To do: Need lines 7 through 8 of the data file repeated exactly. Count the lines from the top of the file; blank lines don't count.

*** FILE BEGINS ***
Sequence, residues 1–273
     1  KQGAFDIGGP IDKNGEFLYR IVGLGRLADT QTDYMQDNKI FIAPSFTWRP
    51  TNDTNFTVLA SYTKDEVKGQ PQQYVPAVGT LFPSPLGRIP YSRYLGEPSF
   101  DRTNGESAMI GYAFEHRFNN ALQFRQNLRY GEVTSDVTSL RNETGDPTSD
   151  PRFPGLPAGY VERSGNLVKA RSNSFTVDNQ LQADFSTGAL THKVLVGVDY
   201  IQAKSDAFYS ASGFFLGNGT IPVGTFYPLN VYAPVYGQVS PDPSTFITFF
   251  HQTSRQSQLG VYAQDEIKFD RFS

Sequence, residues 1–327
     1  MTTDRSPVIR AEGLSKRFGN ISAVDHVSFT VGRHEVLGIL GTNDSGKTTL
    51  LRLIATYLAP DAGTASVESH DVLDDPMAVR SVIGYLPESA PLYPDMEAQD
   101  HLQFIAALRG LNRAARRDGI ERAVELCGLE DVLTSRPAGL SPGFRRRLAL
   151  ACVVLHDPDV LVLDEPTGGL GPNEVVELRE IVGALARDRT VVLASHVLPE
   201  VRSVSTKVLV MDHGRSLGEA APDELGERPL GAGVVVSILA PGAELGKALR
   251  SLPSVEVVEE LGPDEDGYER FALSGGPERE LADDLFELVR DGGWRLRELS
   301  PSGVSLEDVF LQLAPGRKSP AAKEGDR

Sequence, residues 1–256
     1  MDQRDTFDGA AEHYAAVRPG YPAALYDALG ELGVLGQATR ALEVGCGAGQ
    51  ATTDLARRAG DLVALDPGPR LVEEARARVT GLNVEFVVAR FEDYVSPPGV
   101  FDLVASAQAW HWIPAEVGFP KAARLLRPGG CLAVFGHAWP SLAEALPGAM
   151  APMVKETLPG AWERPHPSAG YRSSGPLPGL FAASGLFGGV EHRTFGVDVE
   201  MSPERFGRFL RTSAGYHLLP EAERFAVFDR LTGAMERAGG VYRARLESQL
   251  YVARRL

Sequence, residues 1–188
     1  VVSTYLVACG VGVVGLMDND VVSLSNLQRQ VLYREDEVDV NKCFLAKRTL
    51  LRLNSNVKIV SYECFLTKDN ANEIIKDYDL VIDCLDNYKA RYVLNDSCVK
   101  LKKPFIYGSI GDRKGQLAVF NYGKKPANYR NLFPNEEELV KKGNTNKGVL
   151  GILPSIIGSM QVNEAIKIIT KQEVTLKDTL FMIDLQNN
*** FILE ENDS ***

   251  HQTSRQSQLG VYAQDEIKFD RFS

Sequence, residues 1–327